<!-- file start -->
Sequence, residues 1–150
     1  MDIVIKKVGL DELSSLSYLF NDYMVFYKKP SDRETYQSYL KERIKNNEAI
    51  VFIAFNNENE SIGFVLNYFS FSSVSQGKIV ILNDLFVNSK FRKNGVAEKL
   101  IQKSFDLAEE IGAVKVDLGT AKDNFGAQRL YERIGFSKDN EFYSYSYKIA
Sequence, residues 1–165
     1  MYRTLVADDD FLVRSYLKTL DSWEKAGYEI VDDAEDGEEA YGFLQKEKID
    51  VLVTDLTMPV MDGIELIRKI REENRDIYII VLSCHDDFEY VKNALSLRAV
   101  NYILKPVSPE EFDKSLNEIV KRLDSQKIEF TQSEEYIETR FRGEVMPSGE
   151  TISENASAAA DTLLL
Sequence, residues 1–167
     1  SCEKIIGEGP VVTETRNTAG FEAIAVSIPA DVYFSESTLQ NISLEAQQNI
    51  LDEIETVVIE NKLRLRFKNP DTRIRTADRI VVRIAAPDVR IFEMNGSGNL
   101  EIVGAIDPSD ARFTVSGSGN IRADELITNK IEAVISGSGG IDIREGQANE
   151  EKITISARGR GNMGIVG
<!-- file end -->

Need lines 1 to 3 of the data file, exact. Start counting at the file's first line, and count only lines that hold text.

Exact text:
Sequence, residues 1–150
     1  MDIVIKKVGL DELSSLSYLF NDYMVFYKKP SDRETYQSYL KERIKNNEAI
    51  VFIAFNNENE SIGFVLNYFS FSSVSQGKIV ILNDLFVNSK FRKNGVAEKL